5.72 %





5.36 %





5.14 %





5.05 %





4.58 %





4.08 %





3.96 %





3.45 %






Click here to see all 50 of CGW's holdings.


Guggenheim S&P Global Water Index ETF Performance

Guggenheim S&P Global Water Index ETF - Historical Performance

The chart above shows CGW's historical performance over the past 7 years and the chart below compares CGW's annual price returns to the fund's NAV and the returns on the S&P 500.

Driven by underperformance in 2011 and 2014, CGW has returned 3.7% annually since 2008, compared to 7.4% for the S&P 500.

Stocks in the Guggenheim S&P Global Water Index ETF is currently trading at a 21 times last year’s earnings, which is above the stock market's long-term mean of 15.6 times but in line with the 21.4 times that the broader S&P 500 index is currently trading at. This suggests that the ETF is more expensive when compared to the historical norm, but is similarly priced compared to the broader U.S. stock market.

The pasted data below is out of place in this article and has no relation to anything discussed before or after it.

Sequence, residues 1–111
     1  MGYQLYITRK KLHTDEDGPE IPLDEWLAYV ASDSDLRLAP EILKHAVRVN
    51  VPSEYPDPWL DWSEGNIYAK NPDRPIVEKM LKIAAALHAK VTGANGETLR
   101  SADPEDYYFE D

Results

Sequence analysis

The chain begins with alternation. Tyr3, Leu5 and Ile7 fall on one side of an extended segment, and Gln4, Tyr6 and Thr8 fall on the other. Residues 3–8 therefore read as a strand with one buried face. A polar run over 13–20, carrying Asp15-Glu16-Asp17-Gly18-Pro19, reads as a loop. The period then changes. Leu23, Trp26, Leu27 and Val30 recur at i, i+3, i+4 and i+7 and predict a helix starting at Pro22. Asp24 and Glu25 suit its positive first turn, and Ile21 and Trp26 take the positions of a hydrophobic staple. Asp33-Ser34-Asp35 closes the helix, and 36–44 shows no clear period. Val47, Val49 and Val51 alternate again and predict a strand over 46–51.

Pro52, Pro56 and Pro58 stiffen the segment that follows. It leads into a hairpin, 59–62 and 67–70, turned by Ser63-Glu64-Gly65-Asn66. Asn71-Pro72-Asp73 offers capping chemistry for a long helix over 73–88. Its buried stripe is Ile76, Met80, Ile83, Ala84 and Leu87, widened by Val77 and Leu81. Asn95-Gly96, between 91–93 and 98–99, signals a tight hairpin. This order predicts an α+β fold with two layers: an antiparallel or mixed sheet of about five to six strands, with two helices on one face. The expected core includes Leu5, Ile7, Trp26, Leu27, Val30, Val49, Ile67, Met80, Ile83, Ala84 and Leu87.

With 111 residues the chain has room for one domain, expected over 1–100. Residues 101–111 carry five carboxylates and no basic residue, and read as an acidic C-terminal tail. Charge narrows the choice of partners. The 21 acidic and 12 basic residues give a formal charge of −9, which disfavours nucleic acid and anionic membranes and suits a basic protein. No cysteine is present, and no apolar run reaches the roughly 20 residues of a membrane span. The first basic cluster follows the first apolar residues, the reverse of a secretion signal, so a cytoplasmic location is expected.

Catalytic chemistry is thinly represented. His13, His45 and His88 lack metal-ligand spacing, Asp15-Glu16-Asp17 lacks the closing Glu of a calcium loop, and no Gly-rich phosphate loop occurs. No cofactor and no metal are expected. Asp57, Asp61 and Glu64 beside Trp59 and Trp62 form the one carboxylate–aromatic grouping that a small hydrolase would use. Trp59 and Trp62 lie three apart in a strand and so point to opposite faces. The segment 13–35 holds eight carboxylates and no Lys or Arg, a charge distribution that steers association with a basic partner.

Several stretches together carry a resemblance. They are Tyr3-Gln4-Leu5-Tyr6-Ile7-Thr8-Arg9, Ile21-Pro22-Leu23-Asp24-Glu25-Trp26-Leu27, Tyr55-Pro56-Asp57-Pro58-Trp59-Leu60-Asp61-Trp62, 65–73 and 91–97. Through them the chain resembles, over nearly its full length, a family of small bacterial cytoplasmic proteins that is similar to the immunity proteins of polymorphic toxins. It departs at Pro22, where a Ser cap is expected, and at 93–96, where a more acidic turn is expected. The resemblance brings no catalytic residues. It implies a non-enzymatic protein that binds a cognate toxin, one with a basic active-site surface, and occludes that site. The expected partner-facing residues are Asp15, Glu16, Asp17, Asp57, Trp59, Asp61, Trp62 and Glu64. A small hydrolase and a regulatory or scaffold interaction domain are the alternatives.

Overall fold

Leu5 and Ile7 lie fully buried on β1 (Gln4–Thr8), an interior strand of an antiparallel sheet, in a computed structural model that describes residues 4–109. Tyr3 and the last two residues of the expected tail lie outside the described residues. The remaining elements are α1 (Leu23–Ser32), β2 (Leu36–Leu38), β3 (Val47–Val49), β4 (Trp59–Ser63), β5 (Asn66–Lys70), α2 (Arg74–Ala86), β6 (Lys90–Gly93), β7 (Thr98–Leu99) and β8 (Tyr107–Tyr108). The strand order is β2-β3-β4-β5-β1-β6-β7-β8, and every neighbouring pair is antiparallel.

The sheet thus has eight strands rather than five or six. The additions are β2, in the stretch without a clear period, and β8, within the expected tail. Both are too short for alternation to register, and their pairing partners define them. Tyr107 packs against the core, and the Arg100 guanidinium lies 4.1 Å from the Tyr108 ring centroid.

So is the Guggenheim S&P Global Water Index ETF the right investment for you? I'm afraid I can't answer that question - only you can decide.

But if you believe in the thesis that water and water-related businesses are going to play more and more of a critical role in the future of this world, then the Guggenheim S&P Global Water Index ETF could be one investment that you might want to dive right into.


John Szramiak runs Vintage Value Investing, a website dedicated to revealing and teaching the secrets of legendary value investors like Ben Graham, Warren Buffett, and Charlie Munger. John has a Bachelor of Science degree in Finance and Economics and currently works for a financial firm in Boston, MA.